LPG retailers call off strike after being assured of end to ‘police harassment’
Users of Liquefied Petroleum Gas (LPG) can now breathe a sigh of relief after a section of firms dealing in the product called off an impending strike.
Last week, an association for small and mid-sized firms dealing in LPG threatened to withdraw its services citing harassment from police officers.
Under Energy Dealers Association (EDA), a consortium with a pool of more than 30 LPG brands across the country, the firms gave Kenya’s energy regulator – Energy and Petroleum Regulatory Authority (EPRA) – seven days to rein on the police officers harassing their members or else they stop selling gas to the public.
However, EDA Secretary General Kepher Odongo said that they have reached an agreement with the government which has promised to rein on any harassment during the transition period set to run up to December 31, 2019.
“We will not go on strike as we had earlier said after holding a fruitful meeting with Interior Principal Secretary Karanja Kibicho on Friday,” said Mr Odongo on Sunday.
In a letter dated September 20, 2019, addressed to PS Kibicho, LPG Exchange Pool chairman Cyprian Mungume had complained of the arrests.
He cited Bungoma, Kibwezi, Nairobi and Busia as some of the places where the traders have been arrested, taken to court and charged with operating without a trading license.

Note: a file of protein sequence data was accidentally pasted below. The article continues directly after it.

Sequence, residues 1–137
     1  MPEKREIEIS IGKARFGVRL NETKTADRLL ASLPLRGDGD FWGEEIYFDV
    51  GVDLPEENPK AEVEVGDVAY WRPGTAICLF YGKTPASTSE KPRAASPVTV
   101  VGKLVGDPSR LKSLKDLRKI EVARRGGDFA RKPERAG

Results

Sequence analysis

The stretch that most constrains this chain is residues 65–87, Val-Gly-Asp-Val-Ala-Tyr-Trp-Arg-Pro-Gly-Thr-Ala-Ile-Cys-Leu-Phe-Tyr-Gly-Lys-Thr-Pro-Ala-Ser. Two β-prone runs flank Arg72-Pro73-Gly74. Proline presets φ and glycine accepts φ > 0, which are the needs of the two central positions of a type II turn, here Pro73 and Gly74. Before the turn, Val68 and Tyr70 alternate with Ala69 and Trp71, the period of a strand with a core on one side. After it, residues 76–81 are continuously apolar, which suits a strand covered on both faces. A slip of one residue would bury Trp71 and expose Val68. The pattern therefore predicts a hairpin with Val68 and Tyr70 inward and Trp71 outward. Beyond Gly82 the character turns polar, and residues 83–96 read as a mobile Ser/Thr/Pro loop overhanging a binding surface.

This was in response to a letter dated September 5, 2019 from Dr Kibicho which directed that a multi-agency team be formed to enforce the new Petroleum Regulations with a crackdown on all the unlicensed gas filling stations and licensed outlets contravening the regulations.
But in a public notice on local dailies on Sunday, EPRA Director General Pavel Oimeke said they have noted with concern the arrest of LPG cylinder retailers across the country for lack of requisite licenses as required by the Petroleum (LPG) Regulations of 2019 despite a six month transition period provided for under Seventh Schedule of the Regulations.
He said that the transition period which ends on December 31, 2019 from the date of gazetting the Regulations, was to allow for the retailers already in the market prior to the gazettement of the new Regulations to obtain requirements for licenses, apply for the licenses and obtain them.
“Accordingly, in order to avoid a supply crisis in the LPG cylinder retail sector, all concerned stakeholders are hereby informed that any retail LPG license enforcement shall be guided by the Authority at the expiry of the transition period,” said Mr Oimeke in the notice.
Mr Odongo had claimed that police officers had been selectively applying enforcement of a new law requiring all LPG retailers, wholesalers and transporters to hold licenses for each business location following the abolishment of the compulsory LPG cylinder exchange pool by going round targeting only small and mid-sized LPG firms and arresting them.
It is estimated that EDA members control 55 percent of the retail market, while the rest is served by marketers such as Shell’s licensee Vivo Energy, KenolKobil and Total Kenya.
Mr Oimeke, nevertheless, explained that according to the Petroleum Act 2019, LPG retailers are required, during the transition period, to only stock and sell cylinders with prior authorisation by the brand owner.
“Retailers found in breach of the aforementioned provision risks a fine of not less than Sh10 million,” said the director general.
He further cautioned LPG marketers that refilling or re-branding of cylinders without prior authorisation of brand owners is illegal and carries a similar fine.